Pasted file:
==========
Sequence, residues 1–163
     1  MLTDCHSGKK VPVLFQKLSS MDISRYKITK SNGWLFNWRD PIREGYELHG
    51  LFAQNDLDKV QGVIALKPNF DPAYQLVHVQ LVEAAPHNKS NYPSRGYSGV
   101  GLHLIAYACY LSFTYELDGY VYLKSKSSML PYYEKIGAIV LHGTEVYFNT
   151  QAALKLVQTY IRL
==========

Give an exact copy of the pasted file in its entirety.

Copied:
Sequence, residues 1–163
     1  MLTDCHSGKK VPVLFQKLSS MDISRYKITK SNGWLFNWRD PIREGYELHG
    51  LFAQNDLDKV QGVIALKPNF DPAYQLVHVQ LVEAAPHNKS NYPSRGYSGV
   101  GLHLIAYACY LSFTYELDGY VYLKSKSSML PYYEKIGAIV LHGTEVYFNT
   151  QAALKLVQTY IRL